There are a few theories as to what can speed up union of the broken ends.
Magnetism. Hyperbaric oxygen. Faith healing. Have a surf or ask your orthopaedic surgeon what they think, as you cant go around like this for much longer. At the last resort get it plated, but this can leave a nasty scar.
Q - I wonder if you can help by giving me some advice. I am 24 yrs old. On May 24th I had an accident while jet skiing and I fractured my spine at T12. I had surgery a week later to put a very small fixture in place around T12 and fixing it into T11. I was wearing a support brace for 4 weeks and have since been cleared by my doctor. I no longer need to wear the brace and am having very little pain or discomfort at all now. I have full mobility. Do you think I would be ok to go diving in August. Actually the end of August. I guess I may have some trouble to walk with the equipment on or maybe to carry the equipment and for this I may need to go into the water and then wear the equipment. But do you foresee any problems related to DCI?
Thank you very much for your help. I appreciate any advice you can offer.
A - It should be fine to dive then if your spinal surgeon has said things are OK.
There would have been an issue if you had damaged your spinal cord, but from the above it seems that the problem was just with the bones of the lower thoracic vertebrae.
It is important that you do have enough strength to assist your buddy if there was a problem, and the same with kit carrying. Make sure you haven't got long walked shore entries. Perhaps diving off a boat where all your kit is put in by the staff before hand is the answer.
As for DCS, there is contradictory evidence when it comes to previous injury attracting a bend to the area in question. In my experience it is not the case as we have treated enough divers with pre-dive traumas, and the hit never seems to be in that place.
So dive on, but you will need a med cert as you have to tick YES to the back surgery question.
Q - I am due to go diving in the Red Sea in 3 weeks time.
About 8 weeks ago, I had an accident and dislocated/sprained my left collarbone. It is probably about 95% healed now, in that it still occasionally feels a bit tender especially if I've rolled over onto my left side at night. I still have a small lump on my shoulder which I am told will now be permanent.
I have heard that if you go diving with an existing injury it can increase the risk of a bend in that area. Is this true? Is this something to be concerned about?
A - This is an interesting question. Will an injured part of the body either increase the chances of having a bend in that area or if you are unlucky enough to have a bend, is it more likely that it will occur in the area that you have injured before? Well the answer is that there is no answer!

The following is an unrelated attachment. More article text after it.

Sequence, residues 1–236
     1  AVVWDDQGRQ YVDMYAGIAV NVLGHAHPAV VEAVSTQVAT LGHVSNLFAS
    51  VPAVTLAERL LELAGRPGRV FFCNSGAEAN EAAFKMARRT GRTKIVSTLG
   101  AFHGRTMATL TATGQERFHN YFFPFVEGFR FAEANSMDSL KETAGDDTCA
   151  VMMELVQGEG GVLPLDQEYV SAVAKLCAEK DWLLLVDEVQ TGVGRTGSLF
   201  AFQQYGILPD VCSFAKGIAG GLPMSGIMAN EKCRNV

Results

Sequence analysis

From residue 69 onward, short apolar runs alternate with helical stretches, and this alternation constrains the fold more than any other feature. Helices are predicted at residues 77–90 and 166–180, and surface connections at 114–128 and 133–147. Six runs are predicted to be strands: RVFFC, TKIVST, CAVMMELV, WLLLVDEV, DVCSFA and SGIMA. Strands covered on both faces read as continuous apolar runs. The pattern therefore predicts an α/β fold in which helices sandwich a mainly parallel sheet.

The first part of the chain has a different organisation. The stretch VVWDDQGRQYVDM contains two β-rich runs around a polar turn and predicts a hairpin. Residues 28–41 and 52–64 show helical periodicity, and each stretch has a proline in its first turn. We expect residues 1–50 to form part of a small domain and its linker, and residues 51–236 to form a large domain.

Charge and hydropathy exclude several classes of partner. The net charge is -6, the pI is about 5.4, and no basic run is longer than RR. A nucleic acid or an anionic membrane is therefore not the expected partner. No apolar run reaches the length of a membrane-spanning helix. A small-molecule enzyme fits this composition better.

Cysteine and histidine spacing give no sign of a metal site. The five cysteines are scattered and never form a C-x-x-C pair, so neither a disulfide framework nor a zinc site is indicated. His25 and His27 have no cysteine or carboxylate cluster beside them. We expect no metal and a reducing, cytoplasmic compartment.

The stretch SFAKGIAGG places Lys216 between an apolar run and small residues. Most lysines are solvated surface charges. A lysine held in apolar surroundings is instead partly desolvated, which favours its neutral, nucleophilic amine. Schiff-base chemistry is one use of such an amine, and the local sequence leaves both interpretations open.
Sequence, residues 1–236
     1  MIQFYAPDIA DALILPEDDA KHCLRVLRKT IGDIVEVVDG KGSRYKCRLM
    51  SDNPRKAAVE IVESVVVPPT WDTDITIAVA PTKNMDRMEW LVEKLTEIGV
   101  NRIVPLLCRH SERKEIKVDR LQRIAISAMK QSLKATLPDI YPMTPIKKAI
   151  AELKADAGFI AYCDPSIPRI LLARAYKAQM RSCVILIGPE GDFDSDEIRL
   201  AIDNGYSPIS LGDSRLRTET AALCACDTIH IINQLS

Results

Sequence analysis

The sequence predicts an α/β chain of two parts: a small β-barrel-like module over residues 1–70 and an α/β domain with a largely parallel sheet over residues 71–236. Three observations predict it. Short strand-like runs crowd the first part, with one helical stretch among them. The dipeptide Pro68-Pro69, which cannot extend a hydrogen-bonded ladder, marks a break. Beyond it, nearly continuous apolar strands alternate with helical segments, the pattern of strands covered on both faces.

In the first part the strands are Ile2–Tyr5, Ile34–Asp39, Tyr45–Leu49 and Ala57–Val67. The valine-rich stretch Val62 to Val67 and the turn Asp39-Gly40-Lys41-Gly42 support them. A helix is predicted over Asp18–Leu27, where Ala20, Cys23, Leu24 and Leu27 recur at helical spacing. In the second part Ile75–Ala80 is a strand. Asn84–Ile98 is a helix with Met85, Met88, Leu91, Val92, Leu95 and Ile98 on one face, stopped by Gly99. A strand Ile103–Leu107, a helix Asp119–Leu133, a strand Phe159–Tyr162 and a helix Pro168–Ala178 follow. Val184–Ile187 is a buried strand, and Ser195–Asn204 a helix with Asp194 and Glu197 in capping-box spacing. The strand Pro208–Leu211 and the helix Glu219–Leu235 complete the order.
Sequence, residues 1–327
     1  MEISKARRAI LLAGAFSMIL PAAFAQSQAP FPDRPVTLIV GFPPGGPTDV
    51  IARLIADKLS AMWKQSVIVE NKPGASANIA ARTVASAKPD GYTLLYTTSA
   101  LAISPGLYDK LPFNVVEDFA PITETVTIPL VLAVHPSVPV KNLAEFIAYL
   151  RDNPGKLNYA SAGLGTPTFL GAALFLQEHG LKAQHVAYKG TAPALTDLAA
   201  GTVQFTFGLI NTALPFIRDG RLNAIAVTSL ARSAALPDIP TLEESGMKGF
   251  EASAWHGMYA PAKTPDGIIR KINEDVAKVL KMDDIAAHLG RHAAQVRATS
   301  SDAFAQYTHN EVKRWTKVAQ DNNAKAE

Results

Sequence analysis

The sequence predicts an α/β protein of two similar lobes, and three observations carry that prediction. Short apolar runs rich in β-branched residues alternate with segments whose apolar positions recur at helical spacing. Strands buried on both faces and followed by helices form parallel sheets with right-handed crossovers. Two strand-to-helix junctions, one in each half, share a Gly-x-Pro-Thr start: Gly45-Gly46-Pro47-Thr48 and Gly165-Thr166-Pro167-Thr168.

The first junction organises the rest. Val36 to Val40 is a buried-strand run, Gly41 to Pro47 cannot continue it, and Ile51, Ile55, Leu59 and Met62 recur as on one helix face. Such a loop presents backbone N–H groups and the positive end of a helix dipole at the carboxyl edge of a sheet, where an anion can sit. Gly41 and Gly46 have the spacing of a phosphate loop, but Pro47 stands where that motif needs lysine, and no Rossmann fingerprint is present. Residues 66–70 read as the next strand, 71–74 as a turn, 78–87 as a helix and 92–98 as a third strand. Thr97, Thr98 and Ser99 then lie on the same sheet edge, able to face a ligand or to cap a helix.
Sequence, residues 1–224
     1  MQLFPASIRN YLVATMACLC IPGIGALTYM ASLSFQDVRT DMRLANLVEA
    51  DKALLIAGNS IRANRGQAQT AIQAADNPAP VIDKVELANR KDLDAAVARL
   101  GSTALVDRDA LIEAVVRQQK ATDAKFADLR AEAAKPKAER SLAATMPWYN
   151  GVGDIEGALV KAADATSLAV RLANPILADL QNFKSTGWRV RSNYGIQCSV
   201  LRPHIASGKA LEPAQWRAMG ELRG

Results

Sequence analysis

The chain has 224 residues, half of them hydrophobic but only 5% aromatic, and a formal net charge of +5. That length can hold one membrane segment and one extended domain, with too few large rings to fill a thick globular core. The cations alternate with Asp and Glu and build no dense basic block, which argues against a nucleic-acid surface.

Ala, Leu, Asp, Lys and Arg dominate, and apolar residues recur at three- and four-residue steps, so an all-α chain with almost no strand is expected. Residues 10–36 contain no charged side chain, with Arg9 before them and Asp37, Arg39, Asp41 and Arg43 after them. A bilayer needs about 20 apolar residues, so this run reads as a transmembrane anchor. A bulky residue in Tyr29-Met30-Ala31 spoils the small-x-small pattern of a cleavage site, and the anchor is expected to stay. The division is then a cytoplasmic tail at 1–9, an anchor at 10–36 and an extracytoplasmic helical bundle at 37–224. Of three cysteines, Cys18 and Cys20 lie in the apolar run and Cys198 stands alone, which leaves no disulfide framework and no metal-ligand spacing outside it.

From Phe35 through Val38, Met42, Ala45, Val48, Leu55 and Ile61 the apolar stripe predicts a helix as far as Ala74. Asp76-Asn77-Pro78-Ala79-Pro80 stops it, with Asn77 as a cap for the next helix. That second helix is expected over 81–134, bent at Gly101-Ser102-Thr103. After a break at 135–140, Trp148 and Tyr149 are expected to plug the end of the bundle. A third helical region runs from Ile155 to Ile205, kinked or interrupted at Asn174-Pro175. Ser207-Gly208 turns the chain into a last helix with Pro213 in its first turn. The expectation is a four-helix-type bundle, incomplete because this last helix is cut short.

For example there have been studies where divers with earlier cases of DCS that have caused tissue damage are reviewed if they get another hit, and there is little evidence that it occurs where the first bend was. So with your shoulder I don't see how it could either predispose you to a bend. On top of that all the divers I have treated with DCS, many of them have had earlier injuries such as broken legs or sprains but none of them have ever said that the hit was in an area previously injured.
So I wouldn't worry too much, just make sure you don't dive unless you have good enough movement in your shoulder so that there is no restriction when you dive for regulator recovery or just pulling any of your dump valves but as it will be at least 11 weeks after the event you should be fine. I would however still use it as an excuse to get someone else to carry all your luggage at the airport.
Q - My husband and I are both divers but unfortunately my husband had a bad accident in October and suffered a compound fracture to his lower right leg. I appreciate that in the long term this should not affect his diving but he was recently admitted to hospital and diagnosed as having numerous blood clots on both lungs ( this happened within a short time after an external fixator was removed from his leg and a full leg cast put on and a wedge installed to straighten the bone) and was put on Warfarin which he will need to take for approximately six months. We have a diving holiday booked for July and as long as his leg is OK (which as this stage is still unclear) will it be alright for him to dive?
A - If your husband is still taking the warfarin in July then it isn't a good idea to go diving. The problem with warfarin is that it is a drug that prevents blood from clotting by inhibiting the synthesis of clotting factors. This is why he is on it now, to prevent any more clots in the legs that end up in the lungs as you describe. However with diving, the thoughts are that a warfarinised patient it at a high risk of having a bleed in the spine if they happened to unfortunately get a spinal bend. A bleed in this situation would seriously worsen the symptoms and also the prognosis of such a bend.